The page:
DK: Well I would have an easier time elaborating on relative versus absolute risk than I would trying to explain why abacavir and ddI seem to be bad for you. We’ve spent the last ten years thinking that it was Zerit (stavudine) and maybe zizovudine or AZT (Retrovir) that’s bad for you, yet this study didn’t find that; they found two other villains. The absolute risk of having a heart attack is just what is says: what’s your chance of actually developing a heart attack. The relative risk is really a comparative risk; it’s how much you’re likely to have a heart attack compared to someone else, whether or not the risk is high or low. For example, the first time this came up in relationship to cardiovascular disease was in a paper that was authored by Judith Currier, from UCLA, who looked at the MediCal database and looked to see if there was an increased risk of having a myocardial infarction (heart attack) in HIV positives versus HIV negatives. A number of those studies came out between 2001 and 2005, and she did find evidence that there was some increased risk. But what she really found was that the relative increased risk occurred mostly in young women. Well young women hardly ever get heart attacks; so if you hardly ever get a heart attack, anyone that you see looks like a lot. Right?

DE: Right. One plus one equaling two is very different from fifty and fifty equaling one hundred.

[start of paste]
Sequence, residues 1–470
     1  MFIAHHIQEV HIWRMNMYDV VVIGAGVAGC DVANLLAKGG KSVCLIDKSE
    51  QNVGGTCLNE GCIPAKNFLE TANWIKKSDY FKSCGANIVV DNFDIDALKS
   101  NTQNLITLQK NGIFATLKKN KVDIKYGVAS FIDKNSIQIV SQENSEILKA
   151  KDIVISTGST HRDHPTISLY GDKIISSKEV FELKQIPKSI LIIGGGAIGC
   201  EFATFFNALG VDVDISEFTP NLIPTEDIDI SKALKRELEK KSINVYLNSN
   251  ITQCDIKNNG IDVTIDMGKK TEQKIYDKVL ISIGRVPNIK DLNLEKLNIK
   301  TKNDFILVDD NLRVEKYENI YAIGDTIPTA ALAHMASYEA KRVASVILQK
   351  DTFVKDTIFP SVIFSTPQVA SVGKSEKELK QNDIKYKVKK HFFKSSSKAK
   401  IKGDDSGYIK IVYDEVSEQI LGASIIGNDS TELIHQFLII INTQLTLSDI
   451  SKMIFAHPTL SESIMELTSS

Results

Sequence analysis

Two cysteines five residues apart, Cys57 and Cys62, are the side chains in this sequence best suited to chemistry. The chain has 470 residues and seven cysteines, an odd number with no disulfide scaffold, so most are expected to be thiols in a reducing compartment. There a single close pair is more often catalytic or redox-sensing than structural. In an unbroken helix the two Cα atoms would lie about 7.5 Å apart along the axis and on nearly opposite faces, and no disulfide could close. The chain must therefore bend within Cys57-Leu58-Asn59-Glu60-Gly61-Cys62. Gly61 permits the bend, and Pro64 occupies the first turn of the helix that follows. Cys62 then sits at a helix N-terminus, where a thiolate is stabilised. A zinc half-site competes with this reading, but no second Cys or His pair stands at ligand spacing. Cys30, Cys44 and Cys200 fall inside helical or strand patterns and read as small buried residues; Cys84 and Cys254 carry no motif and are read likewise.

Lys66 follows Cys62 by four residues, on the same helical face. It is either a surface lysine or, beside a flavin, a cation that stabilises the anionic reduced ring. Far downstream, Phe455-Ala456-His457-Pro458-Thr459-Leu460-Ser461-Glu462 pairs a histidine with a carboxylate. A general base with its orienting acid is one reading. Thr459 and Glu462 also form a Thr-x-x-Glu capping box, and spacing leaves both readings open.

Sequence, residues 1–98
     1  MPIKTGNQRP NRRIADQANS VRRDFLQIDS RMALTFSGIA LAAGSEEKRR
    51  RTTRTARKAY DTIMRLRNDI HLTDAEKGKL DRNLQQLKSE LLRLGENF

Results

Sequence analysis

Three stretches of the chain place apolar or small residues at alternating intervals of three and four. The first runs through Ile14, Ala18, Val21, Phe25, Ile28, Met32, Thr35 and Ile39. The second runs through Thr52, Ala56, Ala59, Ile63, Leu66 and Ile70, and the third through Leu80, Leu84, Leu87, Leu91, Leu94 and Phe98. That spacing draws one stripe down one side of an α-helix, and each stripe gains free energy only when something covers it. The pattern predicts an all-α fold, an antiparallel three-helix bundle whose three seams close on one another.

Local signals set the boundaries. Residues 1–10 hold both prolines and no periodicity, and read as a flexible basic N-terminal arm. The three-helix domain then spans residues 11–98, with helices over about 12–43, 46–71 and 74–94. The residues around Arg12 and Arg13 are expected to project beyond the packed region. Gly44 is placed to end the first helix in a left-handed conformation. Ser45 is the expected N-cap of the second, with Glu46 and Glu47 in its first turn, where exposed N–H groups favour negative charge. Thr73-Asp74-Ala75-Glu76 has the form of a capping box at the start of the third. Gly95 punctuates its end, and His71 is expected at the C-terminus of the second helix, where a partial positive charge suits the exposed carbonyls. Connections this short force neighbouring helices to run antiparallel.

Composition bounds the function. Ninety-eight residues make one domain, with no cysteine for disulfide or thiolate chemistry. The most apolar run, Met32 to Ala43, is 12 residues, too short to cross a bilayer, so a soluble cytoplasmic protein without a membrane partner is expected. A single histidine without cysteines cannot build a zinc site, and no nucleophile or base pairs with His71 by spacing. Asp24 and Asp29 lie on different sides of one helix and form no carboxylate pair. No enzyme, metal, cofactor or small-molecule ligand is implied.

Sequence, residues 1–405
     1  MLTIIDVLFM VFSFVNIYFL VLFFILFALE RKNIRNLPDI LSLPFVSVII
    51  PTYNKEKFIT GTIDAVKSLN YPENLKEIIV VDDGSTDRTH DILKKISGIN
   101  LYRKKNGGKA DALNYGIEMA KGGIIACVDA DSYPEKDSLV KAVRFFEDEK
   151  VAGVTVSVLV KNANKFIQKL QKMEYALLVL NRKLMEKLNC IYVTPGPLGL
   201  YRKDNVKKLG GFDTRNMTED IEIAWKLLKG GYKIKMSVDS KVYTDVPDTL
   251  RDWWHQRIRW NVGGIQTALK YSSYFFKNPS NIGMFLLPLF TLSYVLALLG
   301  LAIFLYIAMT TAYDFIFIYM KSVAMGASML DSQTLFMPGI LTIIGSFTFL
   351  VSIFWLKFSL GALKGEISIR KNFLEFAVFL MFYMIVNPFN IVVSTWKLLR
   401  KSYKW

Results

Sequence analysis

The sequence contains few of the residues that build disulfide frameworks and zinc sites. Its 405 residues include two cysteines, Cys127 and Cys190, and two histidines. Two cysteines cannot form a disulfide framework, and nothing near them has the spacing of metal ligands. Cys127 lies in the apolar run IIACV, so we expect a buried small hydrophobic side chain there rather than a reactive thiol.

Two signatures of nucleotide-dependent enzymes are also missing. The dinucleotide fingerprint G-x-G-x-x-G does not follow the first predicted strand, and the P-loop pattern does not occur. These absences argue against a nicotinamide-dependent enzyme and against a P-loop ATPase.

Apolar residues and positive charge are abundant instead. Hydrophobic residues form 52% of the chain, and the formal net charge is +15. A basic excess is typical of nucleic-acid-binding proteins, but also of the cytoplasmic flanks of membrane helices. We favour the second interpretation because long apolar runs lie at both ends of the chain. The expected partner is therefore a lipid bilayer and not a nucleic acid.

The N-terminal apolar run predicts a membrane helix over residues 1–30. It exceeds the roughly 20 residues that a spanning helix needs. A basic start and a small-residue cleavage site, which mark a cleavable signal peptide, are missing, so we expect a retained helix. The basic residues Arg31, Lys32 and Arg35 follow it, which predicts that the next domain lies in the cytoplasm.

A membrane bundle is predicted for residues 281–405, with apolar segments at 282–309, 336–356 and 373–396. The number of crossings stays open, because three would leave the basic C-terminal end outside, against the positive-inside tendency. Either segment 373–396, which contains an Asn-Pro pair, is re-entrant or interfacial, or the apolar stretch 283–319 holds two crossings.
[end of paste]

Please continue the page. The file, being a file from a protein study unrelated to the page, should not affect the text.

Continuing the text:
DK: Give me a dollar and I’ll be really happy with you, give Bill Gates a hundred dollars and he’ll not even blink. So the relative risk is a comparative, whereas your actually risk just tells you what your chances actually are. Like I said, the relative risk is often higher where the absolute risks are low. So now we have a study of D:A:D, which follows thirty or so thousand people, has been doing it for many years now, they have what they say is one hundred and sixty thousand patient years of follow up. So that’s a lot of numbers to look at. And they’ve been looking at people in terms of all of their risk factors as well as the drugs—which drugs, how long, cumulatively, taking them now, not taking them now. And then they look for heart attacks. They found that abacavir almost doubled the risk of having a heart attack, and that ddI increased it by about fifty percent. Less of an increase, I should say, than smoking cigarettes, versus not smoking cigarettes. But sort of more than you’d really like to see. On the other hand, the number of heart attacks that they’ve seen, which is a little over five hundred, of this one hundred and sixty thousand years of patient follow up, comes out to about three per thousand years. Which is really what the general population has. So it’s not high; relatively speaking, it sounds bad, but absolutely, it’s not so very high. So the real question is, what do you do with that information? They were not able to show that there’s a risk from Zerit, but I don’t think anybody would say, “Better stop your abacavir and go back to taking Zerit.” I mean that would be stupid. But I can’t deny the data, because there were really smart people who looked very carefully and found it, and yet I really can’t understand it, and I really can’t explain why it would have occurred. The effect was seen for heart attack, but it wasn’t seen for stroke. They presented heart attacks, but they didn’t present who died. I mean, having a heart attack’s not bad; having a heart attack and surviving it is okay. I had a heart attack and I survived it. And other than being humbled, I’m okay. You know, makes me work harder. So if they said that the death rate went up, that would be something I’d really be concerned about. If abacavir seems to cause some increased risk, it’s concerning; somebody better figure out why, because they couldn’t explain it—it wasn’t because they had more diabetes, it wasn’t because they had higher bad cholesterol or lower good cholesterol, or any of those other factors, and they couldn’t find any reason to explain it. Yet it was there.